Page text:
Magento supports unparalleled theme flexibility and sophistication that allow for incredibly custom branding while still retaining development efficiency and upgrade compatibility. In particular, the theme asset fallback system allows theme developers to only modify the parts of a theme which actually need to be customized. This feature also enables merchants to quickly deploy stylized stores while still retaining features developed for the overall brand.
Magento Enterprise 1.14 and Community 1.9 introduced a new, more flexible theme fallback mechanism. Each theme can now specify its parent, which can then specify its parent, and so on. This theoretically allows infinite fall back levels instead of the fixed number of fall back “slots” in older versions.
As powerful as this concept is, the core code powering it is relatively straightforward.
While loading the current area in a controller’s preDispatch() method, a singleton instance of
Mage_Core_Model_Design_Configis instantiated. This class’s constructor scans all themes for an etc/theme.xml file, and loads the contents into a in-memory config instance.
The contents of the theme.xml files are not yet interpreted, but the config tree is ready for when the time comes.
When a theme asset (translation, layout update file, template, etc) is loaded,
Mage_Core_Model_Design_Package::getFilename() is used to determine the actual filesystem path to the file.
The package model tries each theme in the fallback path, then finally falls back to base/default if all else fails. The fallback path itself, however, is generated by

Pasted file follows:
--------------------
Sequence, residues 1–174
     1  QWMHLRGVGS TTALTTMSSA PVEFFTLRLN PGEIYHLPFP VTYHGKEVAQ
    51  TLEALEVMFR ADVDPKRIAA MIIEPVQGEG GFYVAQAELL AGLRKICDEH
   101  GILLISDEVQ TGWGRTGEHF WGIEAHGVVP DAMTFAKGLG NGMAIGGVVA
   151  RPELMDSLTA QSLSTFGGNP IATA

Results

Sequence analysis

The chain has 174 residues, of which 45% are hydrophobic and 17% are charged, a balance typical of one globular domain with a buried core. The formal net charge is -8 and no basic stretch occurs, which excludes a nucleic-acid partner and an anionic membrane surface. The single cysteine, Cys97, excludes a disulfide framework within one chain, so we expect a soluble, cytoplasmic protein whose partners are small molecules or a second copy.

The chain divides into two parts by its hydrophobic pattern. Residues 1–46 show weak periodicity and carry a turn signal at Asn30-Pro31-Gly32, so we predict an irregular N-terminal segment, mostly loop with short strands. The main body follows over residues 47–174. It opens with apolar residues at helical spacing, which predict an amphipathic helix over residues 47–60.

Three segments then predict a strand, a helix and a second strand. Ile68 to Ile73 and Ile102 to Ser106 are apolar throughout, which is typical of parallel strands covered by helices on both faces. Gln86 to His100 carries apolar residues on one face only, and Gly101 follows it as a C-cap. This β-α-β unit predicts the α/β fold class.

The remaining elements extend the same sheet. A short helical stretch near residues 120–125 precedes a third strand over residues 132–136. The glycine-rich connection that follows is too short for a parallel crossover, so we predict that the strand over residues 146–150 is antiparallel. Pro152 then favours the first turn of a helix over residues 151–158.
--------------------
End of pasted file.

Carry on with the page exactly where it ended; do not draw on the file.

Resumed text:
Mage_Core_Model_Design_Fallback::getFallbackScheme() as seen below.
For compatibility with themes developed before 1.14/1.9, this method looks for the presence of a node in the design config for the current area/package/theme (which, of course, was directly populated from the contents of that theme’s theme.xml).
In the event that the theme does specify a parent node (and therefore opts-in to the new fallback logic),
Mage_Core_Model_Design_Fallback::_getFallbackScheme() walks up the chain of parent nodes, starting from the current theme’s parent.
Otherwise, _getLegacyFallbackScheme() takes over and emulates the old fallback behavior.
This method returns a fallback path of the following form:
In the event that a translation/template/skin/layout override is specified in System Configuration, the theme fallback is calculated in the same way, but the overridden file type follows an independent fallback path starting with the configured override theme.
Considering the new theme fallback capabilities, current versions of Magento will use this fallback path to load theme asset files.
Magento versions before Enterprise 1.14 and Community 1.9 used much simpler, albeit far less powerful and flexible, fallback logic.
Mage_Core_Model_Design_Package::getFilename() from Enterprise 1.13
Just as the legacy fallback logic used in current versions, the classic fallback logic simply checked the current theme for the given file type, the default theme set in System Configuration, the hard-coded /default theme, then finally fell back to base/default.
With this in mind, classic versions of Magento will use the following fallback path.
By allowing merchants to configure a chain of overriding themes combined with the ability to configure the current theme at the store view level, Magento provides a powerful and efficient mechanism to customize individual stores or landing pages while ensuring that core theme assets are consolidated and centralized. Additionally, Magento Enterprise 1.14 and Community 1.9 support endless flexibility and scalability by providing support for infinite levels of theme fallback.